We have an amazing opportunity ahead at Kyndryl to create a company brand that will stand apart in the market by leading with our people first. Once we are an independent company, each Kyndryl employee will advance the vital systems that power human progress. Our people are devoted, restless, empathetic, and anticipatory – key qualities needed as we build on existing customer relationships and cultivate new ones. Our people are at the heart of this business and I am deeply hopeful and excited for our future.

What experiences have helped prepare you for this new opportunity?

I’ve had a very rich and diverse career history at IBM that has lasted 25+ years. I started out in sales but landed explored opportunities at IBM in different roles, business units, geographies, and functions. Marketing and business are my passions and I landed on Marketing because it allowed me to utilize both my left and right brain, bringing together art and science. In college, I was no tonly a business major, but an art major. I love marketing because I can leverage my extensive knowledge of business, while also being able to think openly and creatively.

The opportunities I was given during my time at IBM and my natural curiosity have led me to the path I’m on now and there’s no better next career step than a once-in-a-lifetime-opportunity to help launch a company. The core of my role at Kyndryl is to create a culture centered on our people and growing up in my career at IBM has allowed me to see first-hand how to prioritize people and ensure they are at the heart of progress in everything Kyndryl will do.

How would you describe your leadership style?

I believe that people aren't your greatest assets, they are your only assets. My platform and background for leadership has always been grounded in authenticity to who I am and centered on diversity and inclusion. I immigrated to the US from Chile when I was 10 years old and so I know the power and beauty that comes from leaning into what makes you different from other people, and that's what I want every person in my marketing organization to feel – the value in bringing their most authentic self to work every day. The way our employees feel when they show up for themselves authentically is how they will also show up for our customers, and strong relationships drive growth.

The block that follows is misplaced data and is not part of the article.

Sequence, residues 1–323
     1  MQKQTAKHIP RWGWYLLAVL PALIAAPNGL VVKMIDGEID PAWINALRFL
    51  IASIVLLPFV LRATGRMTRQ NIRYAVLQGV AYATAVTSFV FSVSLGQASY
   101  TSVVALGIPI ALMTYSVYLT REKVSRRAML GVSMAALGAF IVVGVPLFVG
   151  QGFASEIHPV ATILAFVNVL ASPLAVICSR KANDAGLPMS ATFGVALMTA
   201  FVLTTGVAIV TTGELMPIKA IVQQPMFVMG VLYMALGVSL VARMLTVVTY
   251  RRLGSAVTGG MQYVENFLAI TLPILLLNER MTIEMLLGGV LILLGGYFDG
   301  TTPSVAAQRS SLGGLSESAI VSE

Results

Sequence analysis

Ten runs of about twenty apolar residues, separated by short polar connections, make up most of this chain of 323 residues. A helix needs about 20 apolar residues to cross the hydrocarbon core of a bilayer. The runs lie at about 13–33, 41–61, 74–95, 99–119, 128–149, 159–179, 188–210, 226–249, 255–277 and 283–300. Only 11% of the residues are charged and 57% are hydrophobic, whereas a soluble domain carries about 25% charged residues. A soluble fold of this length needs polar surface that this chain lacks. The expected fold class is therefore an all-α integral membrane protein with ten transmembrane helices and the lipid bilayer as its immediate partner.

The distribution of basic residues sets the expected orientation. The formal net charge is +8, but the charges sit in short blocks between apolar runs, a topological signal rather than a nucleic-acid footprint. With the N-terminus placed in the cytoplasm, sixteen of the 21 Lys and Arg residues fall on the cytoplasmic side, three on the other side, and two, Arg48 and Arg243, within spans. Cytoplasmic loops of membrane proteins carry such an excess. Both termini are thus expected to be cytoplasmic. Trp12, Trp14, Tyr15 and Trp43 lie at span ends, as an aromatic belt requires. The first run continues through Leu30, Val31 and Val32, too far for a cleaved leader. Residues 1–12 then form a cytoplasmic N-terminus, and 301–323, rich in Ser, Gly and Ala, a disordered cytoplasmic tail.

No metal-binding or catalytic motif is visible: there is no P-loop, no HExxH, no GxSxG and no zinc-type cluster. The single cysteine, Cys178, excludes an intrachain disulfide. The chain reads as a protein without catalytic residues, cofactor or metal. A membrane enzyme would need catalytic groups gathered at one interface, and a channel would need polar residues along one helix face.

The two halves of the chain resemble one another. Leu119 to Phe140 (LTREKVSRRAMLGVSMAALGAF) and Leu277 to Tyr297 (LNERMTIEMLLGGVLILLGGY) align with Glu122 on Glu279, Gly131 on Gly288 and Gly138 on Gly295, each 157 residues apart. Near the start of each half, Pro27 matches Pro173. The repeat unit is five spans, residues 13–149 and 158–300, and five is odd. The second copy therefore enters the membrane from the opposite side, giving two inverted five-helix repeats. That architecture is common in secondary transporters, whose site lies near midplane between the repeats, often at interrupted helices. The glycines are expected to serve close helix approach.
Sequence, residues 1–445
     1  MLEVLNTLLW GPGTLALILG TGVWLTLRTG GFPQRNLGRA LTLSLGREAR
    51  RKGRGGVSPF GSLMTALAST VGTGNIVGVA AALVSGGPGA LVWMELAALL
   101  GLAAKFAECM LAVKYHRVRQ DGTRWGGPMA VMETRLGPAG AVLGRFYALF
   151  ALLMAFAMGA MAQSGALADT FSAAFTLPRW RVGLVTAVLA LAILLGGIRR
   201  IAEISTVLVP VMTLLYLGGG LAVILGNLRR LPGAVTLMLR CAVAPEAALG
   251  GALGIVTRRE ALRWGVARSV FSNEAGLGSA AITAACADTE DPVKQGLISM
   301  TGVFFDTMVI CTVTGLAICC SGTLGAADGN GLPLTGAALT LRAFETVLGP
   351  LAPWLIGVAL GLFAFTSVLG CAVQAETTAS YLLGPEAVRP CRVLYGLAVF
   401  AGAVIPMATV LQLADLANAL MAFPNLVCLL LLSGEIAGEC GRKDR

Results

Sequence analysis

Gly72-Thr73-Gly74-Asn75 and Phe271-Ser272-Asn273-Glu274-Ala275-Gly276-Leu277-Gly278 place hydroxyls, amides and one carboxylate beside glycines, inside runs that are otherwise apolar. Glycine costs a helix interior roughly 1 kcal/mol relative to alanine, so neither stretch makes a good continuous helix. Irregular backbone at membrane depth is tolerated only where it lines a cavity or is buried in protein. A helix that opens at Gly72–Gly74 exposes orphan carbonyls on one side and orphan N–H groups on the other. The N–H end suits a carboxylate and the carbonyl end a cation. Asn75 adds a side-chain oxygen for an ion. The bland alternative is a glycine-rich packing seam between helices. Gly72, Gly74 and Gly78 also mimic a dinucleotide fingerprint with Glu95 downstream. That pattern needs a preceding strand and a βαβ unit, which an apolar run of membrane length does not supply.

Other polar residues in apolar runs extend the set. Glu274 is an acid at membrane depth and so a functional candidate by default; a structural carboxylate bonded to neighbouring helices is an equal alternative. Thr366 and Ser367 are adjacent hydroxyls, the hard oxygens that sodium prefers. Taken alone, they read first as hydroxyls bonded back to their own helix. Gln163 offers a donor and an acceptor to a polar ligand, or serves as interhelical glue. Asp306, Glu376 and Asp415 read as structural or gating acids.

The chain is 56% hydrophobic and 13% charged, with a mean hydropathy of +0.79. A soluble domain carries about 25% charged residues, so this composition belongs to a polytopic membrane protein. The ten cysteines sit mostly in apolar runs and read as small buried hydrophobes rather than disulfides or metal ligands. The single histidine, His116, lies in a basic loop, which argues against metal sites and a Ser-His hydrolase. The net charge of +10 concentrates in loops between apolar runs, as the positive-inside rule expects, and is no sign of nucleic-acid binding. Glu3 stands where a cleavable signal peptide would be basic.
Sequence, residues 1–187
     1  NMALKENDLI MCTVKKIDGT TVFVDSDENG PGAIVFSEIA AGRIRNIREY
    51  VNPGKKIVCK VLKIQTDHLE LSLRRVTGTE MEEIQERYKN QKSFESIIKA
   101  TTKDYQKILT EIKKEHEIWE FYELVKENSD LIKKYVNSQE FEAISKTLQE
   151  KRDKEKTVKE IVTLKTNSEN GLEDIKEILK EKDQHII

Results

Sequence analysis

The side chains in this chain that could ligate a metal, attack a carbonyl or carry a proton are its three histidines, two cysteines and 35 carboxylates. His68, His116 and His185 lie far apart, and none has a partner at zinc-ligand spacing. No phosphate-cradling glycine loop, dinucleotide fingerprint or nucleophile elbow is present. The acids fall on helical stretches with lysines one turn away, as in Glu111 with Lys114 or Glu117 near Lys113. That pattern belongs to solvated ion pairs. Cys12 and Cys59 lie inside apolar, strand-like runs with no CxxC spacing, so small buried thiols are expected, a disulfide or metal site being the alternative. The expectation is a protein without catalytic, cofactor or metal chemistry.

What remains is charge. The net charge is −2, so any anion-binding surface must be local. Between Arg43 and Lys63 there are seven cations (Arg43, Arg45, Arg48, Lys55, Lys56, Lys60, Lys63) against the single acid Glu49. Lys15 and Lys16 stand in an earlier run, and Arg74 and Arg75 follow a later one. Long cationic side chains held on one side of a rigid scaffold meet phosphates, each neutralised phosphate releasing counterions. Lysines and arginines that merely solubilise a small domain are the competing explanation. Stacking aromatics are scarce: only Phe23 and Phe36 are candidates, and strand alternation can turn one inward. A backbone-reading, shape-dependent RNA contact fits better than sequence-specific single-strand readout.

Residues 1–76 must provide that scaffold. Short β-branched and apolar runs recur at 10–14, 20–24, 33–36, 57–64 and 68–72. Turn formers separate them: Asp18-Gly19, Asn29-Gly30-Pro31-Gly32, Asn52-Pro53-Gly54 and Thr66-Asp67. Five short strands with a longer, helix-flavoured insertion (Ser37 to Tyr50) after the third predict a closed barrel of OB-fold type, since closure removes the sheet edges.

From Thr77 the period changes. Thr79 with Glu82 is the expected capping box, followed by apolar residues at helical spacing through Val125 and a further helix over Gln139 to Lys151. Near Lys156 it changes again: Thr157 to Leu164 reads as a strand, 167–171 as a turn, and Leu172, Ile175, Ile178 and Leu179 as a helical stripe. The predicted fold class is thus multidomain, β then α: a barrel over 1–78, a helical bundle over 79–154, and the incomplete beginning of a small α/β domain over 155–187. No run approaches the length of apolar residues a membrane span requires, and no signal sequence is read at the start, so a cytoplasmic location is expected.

I think this is especially true in light of a world forever changed by the pandemic. Living through such an unprecedented time has reinforced that we are all humans. We can't lead or care for one another without empathy and I think leaders everywhere have been reminded of this.

What’s the best leadership advice you’ve received?

When I was growing up as an immigrant in North Carolina, I often wanted to be just like everyone else. But my mother always told me: Be unique, be memorable – you have an authentic view and experience of the world that no one else will ever have, so don't try to be anyone else but you.

What does success look like to you?

I think the concept of success is multi-faceted. From a career perspective, being in a job where you're respected and appreciated, and where you can see how your contributions are providing value by motivating your teams to be better – that's success! From a personal perspective, there is no greater accomplishment than investing in the next generation. I love mentoring younger professionals – they are the future. I want my legacy as a leader to include providing value in work culture, but also in leaving a personal impact on the lives of professionals who will carry the workforce forward. Finding a position in life with a job and company that offers me a chance at all of that is what success looks like to me.

What advice would you give to your younger self just starting out in the industry?

I've always been a naturally curious person and it's easy for me to over-commit to projects that pique my interest. I've learned over years of practice how to manage that, so to my younger self I’d say… prioritize the things that are most important, and then become amazing at those things.